By Audrey Fraizer
Carbon monoxide is a stealthy killer.
You can’t see, smell, or hear the silent reaper, and despite the ease of preventing death, this toxic gas is the leading cause of accidental-poisoning deaths and poisoning-related injuries worldwide. Each year in the United States, carbon monoxide (CO) poisoning kills at least 430 people and sends an estimated 15,000 patients to the emergency room, according to statistics from the Centers for Disease Control and Prevention (CDC).1
CO poisoning can infiltrate “routine domestic, occupational, and recreational activities, and, also, in the wake of large-scale disasters such as those caused by hurricanes, floods, and winter storms.” Unintentional, non-fire-related (UNFR) CO poisoning is a leading cause of poisoning with toxic levels of the gas resulting from malfunctioning or inappropriately used household items, including malfunctioning gas- and oil-burning furnaces, lawn mowers, portable generators, and charcoal grills.2
The great danger of carbon monoxide exists in its attraction to hemoglobin in the bloodstream. Since carbon monoxide preferentially binds to hemoglobin, fewer oxygen molecules are able to bind to hemoglobin when carbon monoxide is also inhaled. This reduces the amount of oxygen transported throughout the body, so the heart and brain receive less oxygen than they need to function properly.3
In addition to the hazards already mentioned, other high-risk behavior includes adults and children riding in the back of enclosed pickup trucks, as well as individuals working indoors fixing combustion engines or machines operating on combustible gases. Unchecked conditions at pulp mills, steel foundries, and industrial plants producing formaldehyde put workers at high risk for exposure and poisoning.4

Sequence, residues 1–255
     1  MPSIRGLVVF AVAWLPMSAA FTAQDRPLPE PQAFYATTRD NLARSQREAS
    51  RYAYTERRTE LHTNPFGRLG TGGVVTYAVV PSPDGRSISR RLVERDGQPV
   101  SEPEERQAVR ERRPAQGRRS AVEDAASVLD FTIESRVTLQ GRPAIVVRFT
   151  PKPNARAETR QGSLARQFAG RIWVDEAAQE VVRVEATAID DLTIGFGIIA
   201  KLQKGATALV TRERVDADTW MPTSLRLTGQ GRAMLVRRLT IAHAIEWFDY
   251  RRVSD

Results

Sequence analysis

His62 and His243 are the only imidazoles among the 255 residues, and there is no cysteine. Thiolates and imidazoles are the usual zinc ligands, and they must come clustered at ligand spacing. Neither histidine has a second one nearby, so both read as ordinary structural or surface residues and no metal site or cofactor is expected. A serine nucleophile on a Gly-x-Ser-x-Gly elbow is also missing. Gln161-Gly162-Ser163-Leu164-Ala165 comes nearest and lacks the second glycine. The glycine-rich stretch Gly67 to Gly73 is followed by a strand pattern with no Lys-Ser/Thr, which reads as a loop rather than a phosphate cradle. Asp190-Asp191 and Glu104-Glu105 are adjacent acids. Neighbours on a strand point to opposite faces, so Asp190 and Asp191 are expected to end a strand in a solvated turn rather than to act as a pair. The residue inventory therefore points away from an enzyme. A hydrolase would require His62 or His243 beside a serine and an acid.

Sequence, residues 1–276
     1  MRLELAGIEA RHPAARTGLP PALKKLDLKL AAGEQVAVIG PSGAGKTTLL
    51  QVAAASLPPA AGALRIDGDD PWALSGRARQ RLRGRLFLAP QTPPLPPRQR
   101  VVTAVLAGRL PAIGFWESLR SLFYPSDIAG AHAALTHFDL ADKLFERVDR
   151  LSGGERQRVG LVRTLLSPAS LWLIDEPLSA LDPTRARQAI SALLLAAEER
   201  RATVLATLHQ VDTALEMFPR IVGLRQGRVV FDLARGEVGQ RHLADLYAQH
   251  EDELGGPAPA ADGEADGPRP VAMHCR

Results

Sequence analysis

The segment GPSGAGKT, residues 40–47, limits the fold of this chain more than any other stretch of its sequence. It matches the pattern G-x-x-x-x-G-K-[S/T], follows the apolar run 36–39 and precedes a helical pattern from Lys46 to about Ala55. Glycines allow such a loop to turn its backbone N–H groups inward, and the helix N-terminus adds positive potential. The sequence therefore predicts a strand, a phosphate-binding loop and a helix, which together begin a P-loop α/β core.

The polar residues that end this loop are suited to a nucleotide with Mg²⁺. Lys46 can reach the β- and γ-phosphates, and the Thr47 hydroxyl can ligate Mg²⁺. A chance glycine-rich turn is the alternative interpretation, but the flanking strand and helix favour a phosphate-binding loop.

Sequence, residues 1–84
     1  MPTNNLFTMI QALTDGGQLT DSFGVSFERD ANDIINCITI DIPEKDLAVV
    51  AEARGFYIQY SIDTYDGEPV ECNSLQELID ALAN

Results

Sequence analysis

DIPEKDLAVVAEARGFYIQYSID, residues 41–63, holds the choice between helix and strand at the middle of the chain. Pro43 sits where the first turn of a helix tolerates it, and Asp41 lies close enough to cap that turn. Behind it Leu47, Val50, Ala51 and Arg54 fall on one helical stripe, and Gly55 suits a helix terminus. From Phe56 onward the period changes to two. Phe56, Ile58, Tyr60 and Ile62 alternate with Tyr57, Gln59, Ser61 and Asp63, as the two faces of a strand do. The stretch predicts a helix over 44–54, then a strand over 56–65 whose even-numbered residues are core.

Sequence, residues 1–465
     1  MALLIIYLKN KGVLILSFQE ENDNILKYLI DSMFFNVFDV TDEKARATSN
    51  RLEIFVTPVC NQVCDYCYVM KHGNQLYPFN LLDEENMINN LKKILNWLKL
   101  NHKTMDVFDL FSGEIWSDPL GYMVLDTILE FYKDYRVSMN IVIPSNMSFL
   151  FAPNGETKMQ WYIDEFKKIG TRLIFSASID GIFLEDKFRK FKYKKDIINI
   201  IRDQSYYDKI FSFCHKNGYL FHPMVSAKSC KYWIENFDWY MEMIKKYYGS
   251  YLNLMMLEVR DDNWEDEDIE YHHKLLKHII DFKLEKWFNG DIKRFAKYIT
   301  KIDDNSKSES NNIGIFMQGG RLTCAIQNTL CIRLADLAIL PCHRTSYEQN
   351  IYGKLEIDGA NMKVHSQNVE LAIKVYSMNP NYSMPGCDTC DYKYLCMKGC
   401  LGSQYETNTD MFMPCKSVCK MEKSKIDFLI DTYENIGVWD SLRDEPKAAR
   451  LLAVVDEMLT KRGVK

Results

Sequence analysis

CO poisoning can occur suddenly or over a long period of time. The initial symptoms of low to moderate CO poisoning are similar to flu symptoms but without the fever. Early symptoms a caller might report include headache, dizziness, and nausea. As the carbon monoxide builds up in the blood, symptoms escalate to confusion and drowsiness, fast breathing, fast heartbeat or chest pain, vision problems, and seizures.
Symptoms, however, are not the same for everyone affected. A person with a low level of exposure could experience lifelong effects, and someone with an extremely high level of exposure may have a full recovery. Outcome is unpredictable.
Despite treatment, CO poisoning victims can die or suffer permanent, severe injury, and as many as 50 percent of all victims who recover consciousness and survive can be left with lifelong impairments affecting the brain, endocrine system, nervous system, and heart. Hypoxic-Anoxic (HA) brain injuries, caused by a diminished supply of oxygen to the brain, can result in serious cognitive, physical, and psychological impairments.
Removing the source (e.g., malfunctioning gas heater) after prolonged exposure (days and months) doesn’t necessarily remedy long-term effects on the brain. A study looking at chronic carbon monoxide exposure reported seven cases of chronic, subacute CO poisoning symptoms after the source of CO was removed. The symptoms included changes in memory, sleep, vision, sense of smell and sense of direction, anxiety, and balance problems. There is also the potential of heart damage due to prolonged exposure, possibly leading to life-threatening cardiac complications years after the poisoning.5